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AG Codes and Kryptographie Bildinformationen anzeigen

AG Codes and Kryptographie

Offene Themen für Arbeiten

Wenn Sie eines der hier gelisteten Themen anspricht, melden Sie sich bei Prof. Blömer. Auch wenn Ihnen die hier gelisteten Themen nicht ansprechen melden Sie sich gerne und wir finden gemeinsam ein passendes Thema.

Masterarbeiten

Improving features of anonymous communication

Many cryptographic systems, such as group signatures, have built-in privacy. For group signatures, this means that no polynomial-time adversary can, given a signature, find out who signed it (he only learns that some member of the group signed the message). In practice, the great measure of anonymity is diminished when used over the internet: if A sends an anonymous signature to B, then the signature itself does not reveal A's identity, but the IP address within the TCP packet does.

Using an anonymous communication system, a set of parties can communicate anonymously, i.e. the receiver of a message does not learn who sent it and the sender of a message only knows the receiver under some pseudonym. Today this is usually done using TOR. Recent research culminated in a new system that is based on trusted execution environments (such as Intel's SGX) and offers a much higher degree of security than TOR and other such schemes.

We suggest several possible extensions to this system:

  • Revocation of pseudonyms (using, for example, Bloom filters)
  • Efficiency improvements using network coding
  • Allow nodes to dynamically join or leave the system
  • ...

The thesis should deal with (some of) these extensions. Optionally, these ideas can be implemented into our existing prototype implementation (using the SGX SDK, language is C++).
There are initial ideas how to realize them, but there is lots of space for new ideas. The original construction uses ideas from both cryptography and overlay networks and is a nice application of both.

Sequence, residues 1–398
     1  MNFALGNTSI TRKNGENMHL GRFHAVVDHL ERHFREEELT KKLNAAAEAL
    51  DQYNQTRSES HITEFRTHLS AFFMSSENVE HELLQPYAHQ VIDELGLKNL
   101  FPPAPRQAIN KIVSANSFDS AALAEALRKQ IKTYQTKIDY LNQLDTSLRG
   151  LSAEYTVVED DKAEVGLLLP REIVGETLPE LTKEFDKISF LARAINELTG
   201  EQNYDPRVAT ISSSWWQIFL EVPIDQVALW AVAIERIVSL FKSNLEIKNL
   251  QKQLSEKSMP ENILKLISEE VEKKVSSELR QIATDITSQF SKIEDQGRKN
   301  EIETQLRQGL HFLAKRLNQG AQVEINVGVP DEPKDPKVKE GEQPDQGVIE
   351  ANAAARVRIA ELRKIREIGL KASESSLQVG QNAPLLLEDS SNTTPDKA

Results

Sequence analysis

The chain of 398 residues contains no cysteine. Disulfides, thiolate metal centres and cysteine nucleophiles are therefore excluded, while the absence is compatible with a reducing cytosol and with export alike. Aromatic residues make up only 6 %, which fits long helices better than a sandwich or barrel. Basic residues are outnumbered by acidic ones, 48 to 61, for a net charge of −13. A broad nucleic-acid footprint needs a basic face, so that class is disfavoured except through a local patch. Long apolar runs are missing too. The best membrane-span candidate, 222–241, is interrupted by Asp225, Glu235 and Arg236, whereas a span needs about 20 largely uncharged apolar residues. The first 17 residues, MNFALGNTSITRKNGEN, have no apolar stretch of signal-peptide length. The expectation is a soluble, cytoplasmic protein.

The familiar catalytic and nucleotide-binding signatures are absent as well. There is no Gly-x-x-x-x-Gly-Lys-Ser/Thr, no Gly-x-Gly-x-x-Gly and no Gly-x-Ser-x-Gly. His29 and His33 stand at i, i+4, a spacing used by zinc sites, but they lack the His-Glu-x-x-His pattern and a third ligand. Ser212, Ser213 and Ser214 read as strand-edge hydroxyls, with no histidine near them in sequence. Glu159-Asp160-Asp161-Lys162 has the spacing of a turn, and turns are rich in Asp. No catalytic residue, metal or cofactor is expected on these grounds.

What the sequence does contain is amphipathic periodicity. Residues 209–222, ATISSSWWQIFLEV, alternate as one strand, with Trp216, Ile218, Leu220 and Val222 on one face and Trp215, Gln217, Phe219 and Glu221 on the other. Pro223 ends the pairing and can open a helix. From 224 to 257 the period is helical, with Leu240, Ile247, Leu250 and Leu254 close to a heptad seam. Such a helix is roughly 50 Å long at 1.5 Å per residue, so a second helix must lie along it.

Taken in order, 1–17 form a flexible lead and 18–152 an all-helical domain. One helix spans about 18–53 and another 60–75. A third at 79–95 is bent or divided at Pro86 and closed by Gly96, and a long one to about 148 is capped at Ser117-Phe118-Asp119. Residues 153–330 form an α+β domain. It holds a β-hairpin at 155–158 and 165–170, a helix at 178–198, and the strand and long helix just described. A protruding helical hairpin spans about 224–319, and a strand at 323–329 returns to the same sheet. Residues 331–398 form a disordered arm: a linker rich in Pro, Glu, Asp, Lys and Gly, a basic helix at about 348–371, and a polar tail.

Fuzzy Clustering using mu-similar Bregman Divergences

Fuzzy k-Means is a popular generalization of the classical k-Means problem to soft clusterings. From an algorithmic perspective however, it is much more difficult to compute provably good solutions. Typically, these problems use the squared Euclidean distance to measure how far data points are apart. The squared Euclidean distance is part of the mu-similar Bregman divergences, a large class of dissimilarity measures sharing desirable characteristics.

Using sampling techniques to find good approximations of optimal centroids has proven to work for both, the k-Means problem using mu-similar Bregman divergences and also for the Fuzzy k-Means problem using the squared Euclidean distance. The goal of this thesis is to explore whether this can actually be combined to obtain a good approximation algorithm for the Fuzzy k-Means problem using mu-similar Bregman divergences.

(Fully) Homomorphic Encryption in practice

The goal of this thesis is to research what the real world performance for (fully) homomorphic encryption FHE is nowadays.
Depending on the supported functions what are the real world running times achieved by different libraries.
For this topic one has to be proficient using and understanding programming APIs (not limited to one programming language).
Additionally the theory behind FHE has to be studied (not in detail, but on a basic level).
During the proposal time and the first month of the BA thesis there will be enough time to study and discuss FHE in general and to look into the available libraries.

Contact: Fabian Eidens, feidens at mail.uni-paderborn.de


References:
github.com/jonaschn/awesome-he good starting point. For papers see resource section.
github.com/morfix-io/node-seal
morfix.io/sandbox
github.com/golemfactory/gMorph
github.com/ldsec/lattigo
github.com/vernamlab/cuFHE
github.com/tfhe/tfhe
github.com/jamespayor/vector-homomorphic-encryption

Signatures with flexible Public Keys vs Key-Homomorphic Signatures vs Mercurial Signatures

Clarify the relation between the three signature types and what each of them offers.
Are there any equivalences between the definitions, e.g. SFPK does not imply key-homomorphic signatures?